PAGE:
is one, otherwise the one before where 'term' would be.

        Uses headwords files if they exist to speed up access.

        start = 0
        if os.path.exists('%s/%s.hw' % (self.dirname, filename)):
            name, value = self.lookup(filename + '.hw', term)
            if name is not None:
                assert type(name) is type(term)
                assert name <= term
                start = int(value)

        f = self.open(filename, 'r')
        f.seek(start, 0)

        name, value = None, None
        while 1:
            nname, nvalue = self.readline(f)
            if nname is None or nname > term: return name, value
            name, value = nname, nvalue

    # XXX maybe mmap?

    ### external interfaces

    def __init__(self, dirname):
        self.dirname = dirname
        if not os.path.exists(dirname): os.mkdir(dirname)
    def __getitem__(self, name):
        lname, lvalue = self.lookup('contents', name)
        if lname == name: return lvalue
        raise KeyError, name
    def get(self, name, value=None):
        try: return self[name]
        except KeyError: return value
    def set(self, contents):
        self.writefile('contents', contents)

def ok(a, b):
    "Regression test function."
    assert a == b, (a, b)

def test_lindb():
    "Very basic regression test for linear db class lindb."
    os.system('rm -rf tmp.db')
    x = lindb("tmp.db")
    x.set({'roar': 'lion'})
    ok(x['roar'], 'lion')
    ok(x.get('roar', 'boo'), 'lion')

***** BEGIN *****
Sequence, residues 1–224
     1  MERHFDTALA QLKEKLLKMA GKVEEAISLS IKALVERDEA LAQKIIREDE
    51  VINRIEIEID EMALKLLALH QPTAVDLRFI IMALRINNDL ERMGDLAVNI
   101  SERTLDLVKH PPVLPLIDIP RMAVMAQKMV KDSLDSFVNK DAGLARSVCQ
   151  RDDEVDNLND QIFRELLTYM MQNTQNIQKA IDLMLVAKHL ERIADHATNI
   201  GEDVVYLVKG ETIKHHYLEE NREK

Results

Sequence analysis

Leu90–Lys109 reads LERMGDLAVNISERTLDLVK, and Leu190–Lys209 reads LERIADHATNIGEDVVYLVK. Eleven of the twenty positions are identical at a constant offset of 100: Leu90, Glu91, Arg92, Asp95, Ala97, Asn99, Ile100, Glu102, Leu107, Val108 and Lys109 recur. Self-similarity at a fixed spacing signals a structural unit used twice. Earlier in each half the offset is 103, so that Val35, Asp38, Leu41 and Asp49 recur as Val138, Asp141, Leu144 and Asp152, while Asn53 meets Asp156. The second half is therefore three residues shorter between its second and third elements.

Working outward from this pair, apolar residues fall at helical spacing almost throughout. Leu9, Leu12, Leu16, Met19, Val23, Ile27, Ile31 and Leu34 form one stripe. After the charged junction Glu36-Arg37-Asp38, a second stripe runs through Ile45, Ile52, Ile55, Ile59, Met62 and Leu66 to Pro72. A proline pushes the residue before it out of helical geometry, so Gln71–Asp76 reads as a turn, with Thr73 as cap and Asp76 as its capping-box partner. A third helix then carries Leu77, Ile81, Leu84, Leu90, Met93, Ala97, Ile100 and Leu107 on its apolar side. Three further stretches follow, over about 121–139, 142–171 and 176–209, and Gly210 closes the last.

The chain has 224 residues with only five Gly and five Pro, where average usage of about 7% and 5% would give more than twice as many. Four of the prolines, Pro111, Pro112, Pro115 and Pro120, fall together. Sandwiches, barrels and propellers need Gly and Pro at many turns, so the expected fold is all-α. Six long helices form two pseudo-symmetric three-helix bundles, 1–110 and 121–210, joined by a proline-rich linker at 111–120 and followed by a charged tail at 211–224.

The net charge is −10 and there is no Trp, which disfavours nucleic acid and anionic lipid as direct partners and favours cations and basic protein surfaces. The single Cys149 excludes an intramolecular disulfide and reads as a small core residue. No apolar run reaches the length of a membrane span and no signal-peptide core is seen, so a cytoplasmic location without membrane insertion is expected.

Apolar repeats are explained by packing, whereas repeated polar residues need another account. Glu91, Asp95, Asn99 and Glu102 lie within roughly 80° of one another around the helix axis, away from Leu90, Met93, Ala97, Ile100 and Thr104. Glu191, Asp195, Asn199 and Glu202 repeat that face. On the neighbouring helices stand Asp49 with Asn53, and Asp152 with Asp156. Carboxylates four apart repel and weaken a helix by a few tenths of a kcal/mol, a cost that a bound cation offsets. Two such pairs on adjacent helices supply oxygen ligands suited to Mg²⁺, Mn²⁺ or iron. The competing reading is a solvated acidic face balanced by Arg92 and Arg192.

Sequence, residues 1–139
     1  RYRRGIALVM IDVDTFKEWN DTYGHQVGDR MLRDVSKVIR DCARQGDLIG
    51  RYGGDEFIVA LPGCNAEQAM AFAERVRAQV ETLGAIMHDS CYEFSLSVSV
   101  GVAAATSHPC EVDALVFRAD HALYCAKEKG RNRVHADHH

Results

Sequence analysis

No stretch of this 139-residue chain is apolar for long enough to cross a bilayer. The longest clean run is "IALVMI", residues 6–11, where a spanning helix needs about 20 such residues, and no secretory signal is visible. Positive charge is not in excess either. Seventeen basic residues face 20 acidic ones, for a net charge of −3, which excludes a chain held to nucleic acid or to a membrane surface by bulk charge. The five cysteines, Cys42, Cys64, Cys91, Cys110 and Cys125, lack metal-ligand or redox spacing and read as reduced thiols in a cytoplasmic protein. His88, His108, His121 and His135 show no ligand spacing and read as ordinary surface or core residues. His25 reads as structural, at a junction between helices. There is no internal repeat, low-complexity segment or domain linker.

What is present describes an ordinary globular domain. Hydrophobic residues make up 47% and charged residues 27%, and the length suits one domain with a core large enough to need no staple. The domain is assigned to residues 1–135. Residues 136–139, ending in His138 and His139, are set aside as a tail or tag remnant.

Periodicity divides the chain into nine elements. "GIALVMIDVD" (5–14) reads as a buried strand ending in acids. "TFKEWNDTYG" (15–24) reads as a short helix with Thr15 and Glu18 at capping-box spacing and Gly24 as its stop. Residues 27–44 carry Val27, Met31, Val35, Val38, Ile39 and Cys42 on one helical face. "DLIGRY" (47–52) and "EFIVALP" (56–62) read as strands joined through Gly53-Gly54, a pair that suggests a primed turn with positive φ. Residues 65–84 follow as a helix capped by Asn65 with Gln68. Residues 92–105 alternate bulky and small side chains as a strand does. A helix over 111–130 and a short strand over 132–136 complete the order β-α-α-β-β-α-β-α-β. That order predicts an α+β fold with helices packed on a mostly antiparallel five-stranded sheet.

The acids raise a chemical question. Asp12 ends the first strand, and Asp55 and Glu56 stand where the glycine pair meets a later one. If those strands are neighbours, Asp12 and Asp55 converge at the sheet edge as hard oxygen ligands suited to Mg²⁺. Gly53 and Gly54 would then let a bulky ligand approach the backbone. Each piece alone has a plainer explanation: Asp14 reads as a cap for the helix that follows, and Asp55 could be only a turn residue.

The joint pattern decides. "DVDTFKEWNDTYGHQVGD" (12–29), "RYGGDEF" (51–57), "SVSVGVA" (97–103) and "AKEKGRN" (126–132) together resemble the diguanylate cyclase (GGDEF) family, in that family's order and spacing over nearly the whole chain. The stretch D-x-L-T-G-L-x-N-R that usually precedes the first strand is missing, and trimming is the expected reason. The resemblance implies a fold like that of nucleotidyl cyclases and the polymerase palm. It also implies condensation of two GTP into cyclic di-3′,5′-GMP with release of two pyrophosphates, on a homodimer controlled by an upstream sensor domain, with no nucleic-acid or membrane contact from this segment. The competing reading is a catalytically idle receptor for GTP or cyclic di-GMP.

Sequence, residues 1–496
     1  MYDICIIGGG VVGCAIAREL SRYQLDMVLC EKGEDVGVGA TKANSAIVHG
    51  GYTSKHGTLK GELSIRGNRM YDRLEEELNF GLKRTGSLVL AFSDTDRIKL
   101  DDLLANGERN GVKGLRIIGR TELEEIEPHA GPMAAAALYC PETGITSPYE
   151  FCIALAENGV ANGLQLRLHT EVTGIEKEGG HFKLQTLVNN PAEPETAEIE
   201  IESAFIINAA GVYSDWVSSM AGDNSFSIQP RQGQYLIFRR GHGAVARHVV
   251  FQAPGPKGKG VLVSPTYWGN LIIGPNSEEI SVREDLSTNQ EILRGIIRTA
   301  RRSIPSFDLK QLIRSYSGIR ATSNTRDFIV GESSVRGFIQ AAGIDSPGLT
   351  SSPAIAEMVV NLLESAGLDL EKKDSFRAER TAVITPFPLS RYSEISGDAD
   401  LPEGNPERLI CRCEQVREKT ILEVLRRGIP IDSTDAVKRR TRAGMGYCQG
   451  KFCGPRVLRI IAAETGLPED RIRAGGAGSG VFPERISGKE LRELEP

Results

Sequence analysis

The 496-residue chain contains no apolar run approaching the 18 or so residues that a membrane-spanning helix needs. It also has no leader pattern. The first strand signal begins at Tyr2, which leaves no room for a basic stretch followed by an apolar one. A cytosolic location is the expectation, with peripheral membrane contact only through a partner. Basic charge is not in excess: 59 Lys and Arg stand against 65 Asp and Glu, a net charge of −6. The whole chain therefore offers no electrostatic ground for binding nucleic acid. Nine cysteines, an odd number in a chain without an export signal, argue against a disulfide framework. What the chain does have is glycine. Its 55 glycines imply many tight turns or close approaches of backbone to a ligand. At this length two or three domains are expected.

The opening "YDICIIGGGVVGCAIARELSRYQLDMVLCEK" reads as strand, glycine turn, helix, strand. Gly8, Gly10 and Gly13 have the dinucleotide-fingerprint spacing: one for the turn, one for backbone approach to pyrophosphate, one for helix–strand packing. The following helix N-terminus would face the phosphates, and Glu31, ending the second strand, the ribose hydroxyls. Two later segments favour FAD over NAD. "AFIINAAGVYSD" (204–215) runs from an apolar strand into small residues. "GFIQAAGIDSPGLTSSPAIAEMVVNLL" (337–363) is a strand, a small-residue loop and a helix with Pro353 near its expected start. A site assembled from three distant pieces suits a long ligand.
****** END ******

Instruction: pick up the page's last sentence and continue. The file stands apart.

ok(x.get('foar', 'boo'), 'boo')
    os.system('rm -rf tmp.db')


def mkindex(mm):
    """Create an in-memory index of an mbox file.

    This function takes a string-like object, such as an mmap object,
    and returns a list of byte offsets in it where mail messages
    start, and a postings dictionary that maps words to lists of
    message starting byte offsets.

    poses = [0]
    wordpat = re.compile("[a-zA-Z0-9]+")
    fi = wordpat.finditer(mm)
    allpostings = {}
    while 1:
        # This won't match the beginning of the first message.
        nps = mm.find("\nFrom ", poses[-1])
        if nps == -1: nps = len(mm)
        nps += 1
        this_guys_postings = {}
        for mo in fi:
            if mo.start() >= nps:
                # I wish I could push back the item we just got, because
                # it belongs to the next message and won't get indexed,
                # but it's the "From" at the beginning of the message.
                # So it doesn't really matter.
            this_guys_postings[mo.group(0).lower()] = 1
        for word in this_guys_postings.iterkeys():
            if not allpostings.has_key(word): allpostings[word] = []
        if nps > len(mm): break
        if len(poses) % 250 == 0: print "%d msgs" % len(poses)
    return poses, allpostings

class index:
    """Index of an mbox.

    Stores a lindb under mboxname.idx which contains posting lists for
    the mbox's messages, and allows you to search it.

    def postings(self, term):
        "Returns the posting list for a term."
        return [int(id) for id in self.db.get(term, '').split()]